Last week we got back from Ireland on Thursday night, spent the next day scrambling to write a message for the weekend, spoke on Saturday and Sunday, then SOS ‘09 kicked in on Monday. Summer Of Service is a weeklong servant-oriented student conference. Over 900 students and leaders from fourteen states came (we cap it off at 900); it’s an amazing combination of passionate worship and serving others.
Sounds curiously like “love the Lord your God with all your heart, soul and strength…and love your neighbor as yourself.”
SOS pursues that combination for middle school and high school students. In this me-first, über-consumeristic, entitlement-driven, earth-bound culture that we carbon-based bipeds have created, try to imagine the spiritual booster rocket it takes for a young person to escape this powerful inward-focused gravity. SOS is designed to be that.
This year the theme was What About Now? and focused on Micah 6:8: He has showed you, O man, what is good. And what does the LORD require of you? To act justly and to love mercy and to walk humbly with your God. Nearly 1500 adults volunteered to make it happen.
Typically, each day began at 9am in the main auditorium with one of our own student ministry worship bands (these guys were amazing…including a killer thirteen-year-old drummer!). And, of course, some fun stuff. I’ve never seen jelly-filled doughnuts shot from a water-balloon launcher at a youth leader in catcher’s gear with two cops and a radar gun clocking it at over ninety-miles an hour. And then the outreaches for the day started.
All students cycled through four different kinds of outreaches throughout the week: First was participation in a huge free block party in a lower income area—we held eight of these. Second was building walls for four Habitat for Humanity homes and then passing out free water bottles at busy intersections. Third was participation in a program we’ve been doing in the public schools called Be The Difference…a self-revealing encounter focused on respect, bullying and how to treat fellow students, breaking through stereotypes. You haven’t lived until you’ve seen students break down and weep over buried issues in their lives. And then last, everyone had an E2 session: the Evangelism Experience. In this segment, each group of students learns how to hear God’s voice. They learn to pay attention to impressions and pictures. After being trained, they’re given a list of five questions to ask God, the group prays, listens, compares their “words” and then their leader attempts to design an outreach on the spot...then they take off with a certain amount of money given to them.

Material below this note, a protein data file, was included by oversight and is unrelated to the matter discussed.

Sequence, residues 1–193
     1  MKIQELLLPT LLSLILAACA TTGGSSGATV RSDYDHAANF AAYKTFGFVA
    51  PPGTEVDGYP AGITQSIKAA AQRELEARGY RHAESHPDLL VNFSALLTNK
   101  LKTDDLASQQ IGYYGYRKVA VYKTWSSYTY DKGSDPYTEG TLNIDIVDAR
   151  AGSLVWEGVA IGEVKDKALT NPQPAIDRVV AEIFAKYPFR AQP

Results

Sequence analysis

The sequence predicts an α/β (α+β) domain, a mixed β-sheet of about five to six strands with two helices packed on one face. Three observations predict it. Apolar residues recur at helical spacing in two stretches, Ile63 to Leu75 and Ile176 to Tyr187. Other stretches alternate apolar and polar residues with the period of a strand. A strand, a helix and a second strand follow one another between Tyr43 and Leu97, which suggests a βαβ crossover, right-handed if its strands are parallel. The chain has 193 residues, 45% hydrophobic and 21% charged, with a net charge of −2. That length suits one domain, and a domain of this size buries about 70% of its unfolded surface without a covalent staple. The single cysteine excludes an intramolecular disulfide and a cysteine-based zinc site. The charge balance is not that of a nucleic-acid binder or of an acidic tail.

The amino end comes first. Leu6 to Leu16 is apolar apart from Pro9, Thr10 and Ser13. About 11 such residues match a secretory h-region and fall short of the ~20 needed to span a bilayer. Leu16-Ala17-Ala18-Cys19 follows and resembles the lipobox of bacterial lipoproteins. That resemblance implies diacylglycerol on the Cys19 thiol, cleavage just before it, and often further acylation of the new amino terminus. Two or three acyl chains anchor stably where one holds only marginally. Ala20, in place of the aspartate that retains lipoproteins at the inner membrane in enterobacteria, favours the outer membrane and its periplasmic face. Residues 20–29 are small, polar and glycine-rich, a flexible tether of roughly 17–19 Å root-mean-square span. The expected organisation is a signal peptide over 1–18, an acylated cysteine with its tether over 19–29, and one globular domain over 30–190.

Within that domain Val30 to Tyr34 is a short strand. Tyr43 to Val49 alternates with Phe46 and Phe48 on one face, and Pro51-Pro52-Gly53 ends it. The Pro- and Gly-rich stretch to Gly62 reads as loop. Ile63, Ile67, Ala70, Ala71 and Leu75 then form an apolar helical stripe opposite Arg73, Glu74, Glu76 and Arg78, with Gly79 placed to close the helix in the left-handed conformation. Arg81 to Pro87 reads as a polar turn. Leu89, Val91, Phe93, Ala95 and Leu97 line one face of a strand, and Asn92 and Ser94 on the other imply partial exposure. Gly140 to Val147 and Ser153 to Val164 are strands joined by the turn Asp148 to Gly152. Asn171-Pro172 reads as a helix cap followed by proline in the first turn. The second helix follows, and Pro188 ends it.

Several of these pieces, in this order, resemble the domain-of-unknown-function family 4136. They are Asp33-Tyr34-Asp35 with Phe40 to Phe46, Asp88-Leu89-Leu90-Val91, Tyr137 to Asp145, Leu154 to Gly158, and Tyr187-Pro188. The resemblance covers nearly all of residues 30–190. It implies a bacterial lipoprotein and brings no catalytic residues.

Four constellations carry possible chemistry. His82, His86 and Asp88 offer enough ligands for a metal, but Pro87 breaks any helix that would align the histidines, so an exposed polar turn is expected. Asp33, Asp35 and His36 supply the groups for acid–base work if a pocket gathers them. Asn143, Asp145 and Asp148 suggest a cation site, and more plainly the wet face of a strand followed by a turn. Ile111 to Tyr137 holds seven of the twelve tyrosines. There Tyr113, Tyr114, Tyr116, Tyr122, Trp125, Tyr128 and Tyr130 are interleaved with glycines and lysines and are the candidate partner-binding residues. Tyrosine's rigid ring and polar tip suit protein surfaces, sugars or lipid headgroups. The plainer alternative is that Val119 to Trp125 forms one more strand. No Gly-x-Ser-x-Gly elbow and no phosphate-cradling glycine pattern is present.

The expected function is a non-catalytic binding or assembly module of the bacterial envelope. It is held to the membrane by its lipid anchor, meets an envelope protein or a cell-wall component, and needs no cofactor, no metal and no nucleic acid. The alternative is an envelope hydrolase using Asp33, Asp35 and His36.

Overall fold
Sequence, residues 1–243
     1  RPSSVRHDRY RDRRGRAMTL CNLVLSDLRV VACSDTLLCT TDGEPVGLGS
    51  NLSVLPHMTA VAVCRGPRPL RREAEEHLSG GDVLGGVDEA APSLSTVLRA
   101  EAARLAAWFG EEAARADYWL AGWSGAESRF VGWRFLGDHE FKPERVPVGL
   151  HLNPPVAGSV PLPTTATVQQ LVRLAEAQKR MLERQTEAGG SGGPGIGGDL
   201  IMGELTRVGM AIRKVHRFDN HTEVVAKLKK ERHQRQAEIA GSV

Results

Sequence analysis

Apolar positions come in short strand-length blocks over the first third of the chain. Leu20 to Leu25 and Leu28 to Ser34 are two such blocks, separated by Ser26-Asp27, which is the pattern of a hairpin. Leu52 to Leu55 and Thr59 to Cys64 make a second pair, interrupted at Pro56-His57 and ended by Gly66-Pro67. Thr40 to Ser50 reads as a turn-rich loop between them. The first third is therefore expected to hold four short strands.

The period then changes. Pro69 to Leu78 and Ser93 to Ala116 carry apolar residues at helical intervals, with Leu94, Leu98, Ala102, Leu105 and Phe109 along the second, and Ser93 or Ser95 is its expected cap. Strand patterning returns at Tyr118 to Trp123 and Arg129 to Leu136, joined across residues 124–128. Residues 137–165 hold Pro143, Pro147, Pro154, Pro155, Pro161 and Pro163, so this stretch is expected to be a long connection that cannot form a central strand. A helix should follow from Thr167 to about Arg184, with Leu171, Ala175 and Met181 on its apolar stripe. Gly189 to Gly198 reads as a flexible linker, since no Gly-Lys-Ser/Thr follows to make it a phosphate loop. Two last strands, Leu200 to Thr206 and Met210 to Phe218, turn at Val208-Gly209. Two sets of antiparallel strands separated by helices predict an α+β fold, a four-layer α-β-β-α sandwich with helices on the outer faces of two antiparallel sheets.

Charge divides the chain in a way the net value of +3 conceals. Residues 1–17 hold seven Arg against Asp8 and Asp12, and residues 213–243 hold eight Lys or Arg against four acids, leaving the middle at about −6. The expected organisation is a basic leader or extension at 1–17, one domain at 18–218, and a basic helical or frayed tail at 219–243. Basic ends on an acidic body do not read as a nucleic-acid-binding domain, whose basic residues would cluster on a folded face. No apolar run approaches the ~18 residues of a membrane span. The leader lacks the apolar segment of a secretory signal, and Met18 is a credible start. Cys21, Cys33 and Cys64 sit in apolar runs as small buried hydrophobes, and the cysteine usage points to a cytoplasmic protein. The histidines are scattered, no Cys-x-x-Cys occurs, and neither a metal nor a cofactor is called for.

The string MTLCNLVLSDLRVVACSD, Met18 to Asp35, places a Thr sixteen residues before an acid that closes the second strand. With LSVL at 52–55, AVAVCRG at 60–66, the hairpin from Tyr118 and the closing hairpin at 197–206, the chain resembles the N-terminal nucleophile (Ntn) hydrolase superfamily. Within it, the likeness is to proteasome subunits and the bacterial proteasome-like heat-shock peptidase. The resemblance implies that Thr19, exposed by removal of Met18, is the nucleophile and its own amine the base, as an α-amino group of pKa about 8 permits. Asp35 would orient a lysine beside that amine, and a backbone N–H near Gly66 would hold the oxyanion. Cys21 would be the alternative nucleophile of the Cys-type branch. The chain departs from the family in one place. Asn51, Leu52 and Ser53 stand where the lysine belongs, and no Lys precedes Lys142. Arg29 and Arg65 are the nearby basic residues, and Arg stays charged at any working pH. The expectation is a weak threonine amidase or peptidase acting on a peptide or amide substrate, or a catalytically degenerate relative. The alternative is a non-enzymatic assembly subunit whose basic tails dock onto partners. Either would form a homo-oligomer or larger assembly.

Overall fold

The stories were amazing. After feeling led to visit “tent city” (a homeless camp on the river in Cincy), one group of kids from Michigan pooled the money they had saved to go to Cedar Point amusement park on their way home…and drove back down there to give it to them on their free time. Regardless of outcome, you have to admire any student that denies themselves anything for someone else. When it comes to giving, we obviously want to be wise as serpents and innocent as doves, as Jesus said. But I think we spend way too much time worried about getting ripped off rather than the danger of selfishness.
Check out Student Ministries Director Pete Bryant recapping the stories and watch this amazing band of students leading worship in this weekend's celebration.
After the afternoon outreaches, students would come back for an evening of fantastic worship music (Phil Wickham, Jeremy Riddle, Robbie Reider and our own Zak Stegman). To see nine-hundred students and leaders all singing to Jesus at the top of their lungs is brilliant. A short teaching followed that.
One night, instead of worship we held a luau for over seven hundred special needs adults, complete with games, dancing, a pig roast, dinner and more. It was fabulous watching students escorting our special needs friends around the building, dancing and playing games. Our guests had the time of their lives.
We finished the week on Friday night with baptisms; it just doesn’t get any better than that.
It makes me wonder: what would an SOS for adults look like?